They were in Harlem for a corporate-team bonding experience, and the meat patty was on a list of 13 items on this diversity scavenger hunt.
Why Harlem? Couldn't they just have rented a condo on the beach like they usually did?
Not this time, said the seventh member of their team, Joe Quinones, its only African American.
"For the past seven years, I have been going to the beach and doing things that did nothing to speak to my culture," Quinones, 36, a Harlem native, said before the trip. "I even boycotted a couple of them. This time, I wanted to do something that spoke to me."
He said his team was up for the challenge.
"They're saying, 'This is something that I have never experienced and probably never will if I don't go.' There is a lot of nervous excitement," Quinones said.
After clearing the trip with his sales manager, Quinones and another sales executive, Joey (short for Josephine) Janson, 43, put together the bonding trip to the Big Apple.
But instead of a guided tour, Janson, also a former New Yorker, said she wanted to make sure her coworkers got outside of their comfort zones.
"I developed the scavenger hunt so people would look for things they normally wouldn't see if they were strolling along," she said.
Items on the list included a flyer being passed out and a book with an African or African American theme. But the first item was the hardest.
"Where am I going to find a Harlem/Morningside Heights bilingual community directory?" Betty Williams, 41, asked her colleague, Linda Colache, 32, while looking at their scavenger-hunt list.
The two women, both wearing black shirts and khaki shorts, walked down 125th Street on a mission. They had figured out where to find a meat patty. But they were still looking for something African when Colache said she remembered seeing an art gallery up the street where she could get a brochure.
But what about the directory?
"I'm sure there is a community center around here that would have it," Colache said.
"The woman at the restaurant said to go to Fifth [Avenue], turn right, and go to the park," Williams said.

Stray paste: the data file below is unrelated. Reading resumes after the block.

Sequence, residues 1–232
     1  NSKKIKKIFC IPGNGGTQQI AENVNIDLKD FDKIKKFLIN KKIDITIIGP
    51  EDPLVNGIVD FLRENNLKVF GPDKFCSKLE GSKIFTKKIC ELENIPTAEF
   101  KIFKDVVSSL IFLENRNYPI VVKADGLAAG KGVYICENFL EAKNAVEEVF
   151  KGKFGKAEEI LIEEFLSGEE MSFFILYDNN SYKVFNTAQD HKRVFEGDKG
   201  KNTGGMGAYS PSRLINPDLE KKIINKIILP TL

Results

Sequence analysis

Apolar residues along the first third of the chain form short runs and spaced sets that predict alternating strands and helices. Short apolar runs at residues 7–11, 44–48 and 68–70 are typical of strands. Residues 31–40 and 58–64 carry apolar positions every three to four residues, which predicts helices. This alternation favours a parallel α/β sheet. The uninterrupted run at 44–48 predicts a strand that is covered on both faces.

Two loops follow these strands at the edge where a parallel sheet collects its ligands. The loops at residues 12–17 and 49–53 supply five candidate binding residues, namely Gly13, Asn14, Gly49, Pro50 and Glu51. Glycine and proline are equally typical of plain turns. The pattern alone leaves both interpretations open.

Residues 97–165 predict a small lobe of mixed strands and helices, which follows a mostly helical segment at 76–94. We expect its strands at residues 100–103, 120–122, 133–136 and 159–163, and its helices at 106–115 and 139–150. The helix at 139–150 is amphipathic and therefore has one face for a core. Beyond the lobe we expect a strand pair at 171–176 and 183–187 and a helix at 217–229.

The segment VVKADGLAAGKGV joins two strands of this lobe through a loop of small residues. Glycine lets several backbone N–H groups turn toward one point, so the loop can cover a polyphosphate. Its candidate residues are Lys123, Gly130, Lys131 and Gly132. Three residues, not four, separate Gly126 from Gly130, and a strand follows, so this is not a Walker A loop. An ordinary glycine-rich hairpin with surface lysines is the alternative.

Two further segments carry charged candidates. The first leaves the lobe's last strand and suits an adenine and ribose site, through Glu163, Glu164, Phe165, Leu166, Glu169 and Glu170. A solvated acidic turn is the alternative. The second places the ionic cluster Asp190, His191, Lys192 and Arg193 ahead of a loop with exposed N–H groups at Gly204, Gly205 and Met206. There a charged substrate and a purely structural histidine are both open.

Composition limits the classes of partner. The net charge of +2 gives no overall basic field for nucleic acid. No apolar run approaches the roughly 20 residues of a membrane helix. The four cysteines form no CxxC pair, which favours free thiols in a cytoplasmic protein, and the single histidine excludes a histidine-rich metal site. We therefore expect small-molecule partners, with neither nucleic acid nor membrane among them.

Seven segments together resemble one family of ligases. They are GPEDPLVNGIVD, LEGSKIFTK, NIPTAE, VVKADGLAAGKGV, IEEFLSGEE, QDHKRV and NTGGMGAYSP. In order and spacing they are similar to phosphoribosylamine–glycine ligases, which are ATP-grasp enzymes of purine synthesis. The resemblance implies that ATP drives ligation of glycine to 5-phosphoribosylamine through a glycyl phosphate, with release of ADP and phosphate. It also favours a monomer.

"We do not have to go to that park," said Frank Froncillo, 43, a 19-year AT&T veteran and the group's sales manager, looking askance up a side street to the park.
Flustered, Williams looked around and stopped near a man selling Spanish "coco ice" on the corner. After taking a deep breath, she stepped forward and asked him if he knew where she could find the directory.
He stared at her blankly and said, "No hablo ingles," and shrugged his shoulders.
Still determined, Williams turned around and yelled, "Anyone speak Spanish?"
Froncillo said the group usually goes on a team-building event once a year.
Because four of the people have been in the group for less than a year, this trip was crucial.
"This was important, because this particular team is in transition," he said. "Just last year, it was just Joey and Joe. . . . It's real important to me, because the diversity of this team is very intense."
Though each person on the team deals with corporate growth accounts individually, the members are judged as a team when evaluations roll around, Froncillo said.
"It's very difficult to put together a teaming event that would satisfy everybody," he said. "In 17 years of management, I'm out of ideas, so I turned it over to the two veterans."
The group left its City Avenue office at 8:25 a.m. Two and a half hours and a spirited van ride later, the coworkers found themselves in the lobby of the historic Apollo Theater.
At one time, a black entertainer had not truly "arrived" until he or she played at the Apollo, said Billie Williams, the theater's tour director and group sales manager. There are murals in the lobby with photos of people who performed at the Apollo at the beginning of their careers. Williams had a story for each of them.